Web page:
Trusts Hope Investors Are Ready to Be Thrilled ; Simon Hildrey Reports on the Revival of Venture Capital Funds
Hildrey, Simon, The Independent on Sunday (London, England)
Although many people will view Chancellor Gordon Brown as an unlikely saviour for investors, he might just have rescued venture capital trusts (VCTs) from terminal decline.
Because, on 5 April this year, just as VCTs had become the forgotten asset class of investments, the Government changed the tax benefits.
Under the new rules, if you invest in a VCT before 5 April 2006, you will receive a rebate of up to 40 per cent. For example, put in pounds 10,000 and you get pounds 4,000 back from the taxman. You don't have to be a higher- rate taxpayer to reclaim this 40 per cent.
However, the sum is restricted to the amount of income tax you pay: if you invest pounds 200,000 each tax year but have paid only pounds 5,000 to the Inland Revenue, you will receive only a pounds 5,000 rebate.
All gains and dividends in the trusts are tax-free but you must hold your investment for at least three years to enjoy these benefits.
VCT managers hope the tax changes will herald a return of the good old days and encourage a significant increase in investment. More than 15 launches of new VCTs have already been announced on the back of this expectation. The managers are hoping that at least pounds 250m will be raised, and possibly as much as pounds 500m.
The peak demand for VCTs came in the 2000-01 tax year, when pounds 440m was invested in them. In 2001-02 this fell sharply to pounds 140m, following the decline in the stock market, and then there was a still steeper drop to pounds 50m in 2002-03. There was a slight recovery to pounds 59m in 2003-04 but that is still just 13 per cent of the amount attracted three years ago.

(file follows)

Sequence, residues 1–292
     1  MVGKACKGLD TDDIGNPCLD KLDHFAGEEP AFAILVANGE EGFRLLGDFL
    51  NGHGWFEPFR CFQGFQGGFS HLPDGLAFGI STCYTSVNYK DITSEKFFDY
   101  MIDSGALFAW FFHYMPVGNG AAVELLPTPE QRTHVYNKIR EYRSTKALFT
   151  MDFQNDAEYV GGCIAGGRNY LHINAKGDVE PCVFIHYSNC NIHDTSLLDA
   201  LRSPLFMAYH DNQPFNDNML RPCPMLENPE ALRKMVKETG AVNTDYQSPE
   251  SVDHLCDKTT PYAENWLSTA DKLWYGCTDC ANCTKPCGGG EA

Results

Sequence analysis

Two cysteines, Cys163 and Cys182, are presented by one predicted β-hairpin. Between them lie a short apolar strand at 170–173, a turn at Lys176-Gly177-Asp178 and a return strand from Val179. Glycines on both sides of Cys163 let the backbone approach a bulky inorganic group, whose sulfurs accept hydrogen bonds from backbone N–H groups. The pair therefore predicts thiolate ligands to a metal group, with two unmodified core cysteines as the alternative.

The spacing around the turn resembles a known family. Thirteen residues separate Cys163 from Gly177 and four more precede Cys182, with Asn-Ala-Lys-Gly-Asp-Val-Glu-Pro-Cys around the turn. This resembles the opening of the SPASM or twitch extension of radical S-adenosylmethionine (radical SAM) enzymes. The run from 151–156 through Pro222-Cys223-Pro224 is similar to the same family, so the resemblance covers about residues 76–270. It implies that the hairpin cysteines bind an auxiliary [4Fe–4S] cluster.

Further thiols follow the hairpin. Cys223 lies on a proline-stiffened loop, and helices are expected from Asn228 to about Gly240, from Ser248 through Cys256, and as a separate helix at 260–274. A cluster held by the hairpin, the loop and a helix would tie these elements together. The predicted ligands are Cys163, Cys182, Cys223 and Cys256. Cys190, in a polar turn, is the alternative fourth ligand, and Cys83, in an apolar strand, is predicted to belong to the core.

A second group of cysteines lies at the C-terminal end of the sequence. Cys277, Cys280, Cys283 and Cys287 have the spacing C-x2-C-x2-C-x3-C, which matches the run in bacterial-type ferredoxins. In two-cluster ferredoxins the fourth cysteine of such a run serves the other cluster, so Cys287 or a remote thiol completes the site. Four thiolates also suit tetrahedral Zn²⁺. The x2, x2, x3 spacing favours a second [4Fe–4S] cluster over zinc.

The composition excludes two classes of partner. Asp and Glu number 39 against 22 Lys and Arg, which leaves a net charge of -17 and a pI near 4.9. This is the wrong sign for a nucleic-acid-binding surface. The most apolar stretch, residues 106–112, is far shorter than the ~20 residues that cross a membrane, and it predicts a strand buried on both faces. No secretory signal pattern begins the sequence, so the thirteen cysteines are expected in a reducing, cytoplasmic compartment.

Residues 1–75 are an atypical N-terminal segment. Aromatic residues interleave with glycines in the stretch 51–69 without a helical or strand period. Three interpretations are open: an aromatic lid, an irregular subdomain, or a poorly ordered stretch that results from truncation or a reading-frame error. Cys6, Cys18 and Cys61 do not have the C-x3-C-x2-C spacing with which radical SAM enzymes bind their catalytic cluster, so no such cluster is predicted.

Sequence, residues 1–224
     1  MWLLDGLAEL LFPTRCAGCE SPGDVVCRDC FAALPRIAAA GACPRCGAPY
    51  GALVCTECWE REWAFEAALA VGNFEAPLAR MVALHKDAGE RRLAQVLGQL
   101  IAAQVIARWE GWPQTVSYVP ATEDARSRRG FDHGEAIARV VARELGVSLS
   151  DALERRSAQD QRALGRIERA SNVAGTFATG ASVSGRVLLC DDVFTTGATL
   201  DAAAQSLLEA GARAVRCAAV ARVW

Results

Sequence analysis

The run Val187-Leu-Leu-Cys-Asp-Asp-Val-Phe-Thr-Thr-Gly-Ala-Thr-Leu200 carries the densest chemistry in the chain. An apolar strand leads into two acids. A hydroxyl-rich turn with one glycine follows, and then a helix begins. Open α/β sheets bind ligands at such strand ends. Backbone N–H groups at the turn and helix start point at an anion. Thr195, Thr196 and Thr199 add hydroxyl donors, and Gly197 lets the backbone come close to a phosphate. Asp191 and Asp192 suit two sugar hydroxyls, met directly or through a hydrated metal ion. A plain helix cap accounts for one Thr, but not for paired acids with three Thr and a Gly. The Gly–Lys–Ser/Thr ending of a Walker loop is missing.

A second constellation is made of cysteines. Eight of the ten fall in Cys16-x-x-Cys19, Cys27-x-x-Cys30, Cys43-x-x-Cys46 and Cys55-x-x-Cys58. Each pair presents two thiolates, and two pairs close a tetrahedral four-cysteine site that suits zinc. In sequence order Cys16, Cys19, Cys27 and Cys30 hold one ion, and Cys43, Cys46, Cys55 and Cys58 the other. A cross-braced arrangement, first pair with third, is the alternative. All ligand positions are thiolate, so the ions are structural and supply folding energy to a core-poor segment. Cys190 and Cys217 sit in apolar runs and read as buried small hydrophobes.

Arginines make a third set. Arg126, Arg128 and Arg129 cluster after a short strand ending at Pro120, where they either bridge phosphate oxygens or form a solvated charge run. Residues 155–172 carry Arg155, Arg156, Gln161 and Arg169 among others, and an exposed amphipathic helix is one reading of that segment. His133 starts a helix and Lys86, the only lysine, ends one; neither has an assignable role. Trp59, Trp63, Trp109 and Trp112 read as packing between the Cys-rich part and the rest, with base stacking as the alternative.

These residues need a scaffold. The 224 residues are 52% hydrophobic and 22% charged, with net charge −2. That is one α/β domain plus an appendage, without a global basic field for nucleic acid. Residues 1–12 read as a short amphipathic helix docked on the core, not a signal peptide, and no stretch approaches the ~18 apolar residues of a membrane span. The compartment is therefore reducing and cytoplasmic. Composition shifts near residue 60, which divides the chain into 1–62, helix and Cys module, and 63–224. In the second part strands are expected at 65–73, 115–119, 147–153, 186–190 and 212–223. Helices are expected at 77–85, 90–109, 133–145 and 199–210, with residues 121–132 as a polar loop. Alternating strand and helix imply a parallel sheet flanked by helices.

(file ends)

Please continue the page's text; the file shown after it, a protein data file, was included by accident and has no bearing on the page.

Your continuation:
VCTs are marketed for their tax benefits but shouldn't be chosen solely for this reason. They are closed-ended vehicles listed on the London Stock Exchange and invest in start-up ventures, unquoted companies and shares listed on the Alternative Investment Market (AIM), with capitalisations of less than pounds 15m. This makes them higher-risk investments than blue-chip FTSE 100 stocks, and there is less liquidity.
When investing in a VCT, you need to select from one of three categories: generalist, AIM or specialist. All can offer attractive long-term returns, but performance varies widely. For example, the online publication Tax Efficient Review says that of the generalist and specialist VCTs launched during 1997-98 and 1998-99, Foresight Technology has delivered a return of 18. …